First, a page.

- The IMF has been transformed into an instrument for forcing open third world markets to foreign capital and for collecting foreign debts.
- This transformation, which violates the IMF’s charter both in spirit and substance, has increased socioeconomic costs to countries requesting IMF financial aid.
- The IMF’s crisis stems from growing debtor resistance to its demands, the soaring fiscal costs of frequent IMF-led bailouts, and mounting evidence of IMF policy failures.
The Asian financial crisis has eased, but its reverberations have enmeshed the International Monetary Fund (IMF) in a major legitimacy crisis over its recently assumed mission and its ability to implement it. That new mission—promoting free capital mobility around the globe—parallels U.S. policy, though deviating sharply from the IMF’s original function. The IMF’s crisis is thus also a U.S. policy crisis.
Under the Bretton Woods Agreement, reached by the major capitalist powers toward the end of WW II, the World Bank was to provide reconstruction financing, while the IMF was to provide short-term financing to stabilize exchange rates. The basic objective of the agreement, whose terms still serve as the IMF’s charter, was to establish an economic order in which multilateral trade and investment (together with stable, convertible exchange rates) would be compatible with full employment, progressive taxation, and other components of welfare capitalism.
Controlling international capital flows was judged essential for these goals to be mutually sustainable. Hence Article VI authorizes member countries “to exercise such controls as are necessary to regulate international capital movements” and empowers the IMF to request tighter controls and to deny emergency credits when used “to meet a large or sustained outflow of capital.” In practice, the IMF has neither requested borrowing countries to tighten capital controls nor denied credits when they were used to finance capital flight.
However, during the first three post-war decades, the IMF as a major source of emergency credits to developing countries, was largely sidelined by bilateral foreign aid driven by cold war politics and, in the 1970’s, as “foreign aid fatigue” set in, by private bank loans. Beginning in the late 1970s, however, the U.S. found the IMF increasingly useful for handling debt crises in the developing world and opening developing country asset markets to international capital. From a minor lender of last resort, the IMF became a major enforcer of foreign debt service and a leading advocate of removing all obstacles to the entry of foreign capital. In pursuing these functions, the IMF has attacked capital controls throughout the developing world, thus moving from neglect to active violation of Article VI.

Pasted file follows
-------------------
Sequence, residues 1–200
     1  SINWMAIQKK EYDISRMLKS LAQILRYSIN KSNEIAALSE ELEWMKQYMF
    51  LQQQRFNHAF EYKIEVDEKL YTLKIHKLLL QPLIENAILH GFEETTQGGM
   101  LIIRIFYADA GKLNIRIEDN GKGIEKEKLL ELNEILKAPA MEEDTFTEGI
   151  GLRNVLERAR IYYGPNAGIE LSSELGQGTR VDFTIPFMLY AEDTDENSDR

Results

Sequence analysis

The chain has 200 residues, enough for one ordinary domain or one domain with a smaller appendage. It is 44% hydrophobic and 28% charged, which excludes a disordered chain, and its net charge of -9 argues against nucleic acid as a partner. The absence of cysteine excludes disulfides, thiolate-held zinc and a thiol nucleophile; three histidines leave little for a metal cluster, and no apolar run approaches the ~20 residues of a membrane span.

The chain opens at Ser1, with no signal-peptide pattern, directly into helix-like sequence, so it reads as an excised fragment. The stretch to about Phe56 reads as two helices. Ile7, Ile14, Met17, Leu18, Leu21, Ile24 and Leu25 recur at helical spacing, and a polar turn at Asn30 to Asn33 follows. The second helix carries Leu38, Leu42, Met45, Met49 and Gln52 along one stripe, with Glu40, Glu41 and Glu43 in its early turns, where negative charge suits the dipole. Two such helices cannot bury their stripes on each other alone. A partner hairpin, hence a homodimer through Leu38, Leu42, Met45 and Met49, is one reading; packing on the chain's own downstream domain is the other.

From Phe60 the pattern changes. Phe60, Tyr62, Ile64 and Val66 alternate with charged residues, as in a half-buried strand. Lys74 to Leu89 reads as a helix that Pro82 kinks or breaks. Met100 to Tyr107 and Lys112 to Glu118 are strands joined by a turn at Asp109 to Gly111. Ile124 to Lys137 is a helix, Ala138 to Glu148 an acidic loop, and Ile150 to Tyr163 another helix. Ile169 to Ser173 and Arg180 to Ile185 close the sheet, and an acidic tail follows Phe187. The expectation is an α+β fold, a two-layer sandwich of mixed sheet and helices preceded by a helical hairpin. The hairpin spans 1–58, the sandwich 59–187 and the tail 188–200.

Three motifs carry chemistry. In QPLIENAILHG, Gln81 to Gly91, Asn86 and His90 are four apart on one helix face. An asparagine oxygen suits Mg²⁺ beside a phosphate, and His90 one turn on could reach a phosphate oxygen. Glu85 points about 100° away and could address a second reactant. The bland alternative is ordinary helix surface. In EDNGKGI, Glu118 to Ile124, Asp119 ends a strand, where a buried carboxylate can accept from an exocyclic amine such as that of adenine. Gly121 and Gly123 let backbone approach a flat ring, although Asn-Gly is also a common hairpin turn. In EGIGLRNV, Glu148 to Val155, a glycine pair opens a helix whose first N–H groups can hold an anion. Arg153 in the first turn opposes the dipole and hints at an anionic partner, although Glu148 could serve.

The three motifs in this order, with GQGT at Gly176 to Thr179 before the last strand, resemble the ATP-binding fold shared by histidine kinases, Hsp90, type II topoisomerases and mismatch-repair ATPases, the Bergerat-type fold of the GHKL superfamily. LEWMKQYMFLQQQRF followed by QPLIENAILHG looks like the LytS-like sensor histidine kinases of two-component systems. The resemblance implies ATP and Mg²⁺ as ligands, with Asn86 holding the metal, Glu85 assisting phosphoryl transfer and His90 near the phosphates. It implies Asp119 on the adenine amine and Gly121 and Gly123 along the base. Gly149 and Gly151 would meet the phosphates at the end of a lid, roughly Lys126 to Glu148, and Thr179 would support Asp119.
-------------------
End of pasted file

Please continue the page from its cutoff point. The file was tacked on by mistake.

As the IMF has pursued its campaign to rid developing countries of capital controls, it has steadily expanded the set of policy changes it demands from countries seeking its credits. Prior to the 1980s, the IMF advocated policies intended largely to relieve foreign exchange crises at moderate socioeconomic cost to the borrowing economies. The IMF insisted on monetary-fiscal tightening and devaluation but did not demand that capital controls be removed.
By 1980, however, its primary goal became resolving balance-of-payments crises by attracting foreign private capital. The IMF’s policy demands now included measures that cut deeply into the socioeconomic structures of the borrowing countries and increased their adjustment costs. It required countries to ease capital controls and to rely on raising interest rates to halt capital outflows and attract inflows. By intensifying domestic bankruptcies, banking crises, and credit crunches, this strategy often deepened declines of output and employment. To attract equity investment, the IMF also pressured borrowers to privatize state assets, reduce social expenditures, and repeal measures that protected wages and favored domestic firms over foreign competition.
These tougher IMF conditions and increased IMF meddling sparked popular unrest and political crises. Fearing popular reaction, many borrowing countries took IMF funds without fully implementing associated IMF demands. Mounting resistance to its austerity conditions and political meddling has contributed to the crisis currently enveloping the IMF.
The IMF is also under attack for its failure to provide adequate debt relief. In the past, when bilateral government loans constituted most developing country foreign debt, the IMF could ease the debt-servicing burden by persuading lender governments to stretch out repayment schedules. More recently, eager to keep private capital flowing and to promote increased global financial integration, the IMF has emphasized sustaining the full servicing of private loans as a core principle. Indeed, to assuage panicky creditors the IMF even required borrower governments to rewrite private debt contracts. In the early 1980s, the IMF encouraged debtor governments in Latin America to guarantee the foreign liabilities of their domestic private banks, whose copious borrowing had helped bring on the crisis. To obtain bailout funds to mitigate its 1995 crisis, Mexico was required to pay out dollars to holders of its tesebonos, though contractually these treasury notes merely required repayment in pesos.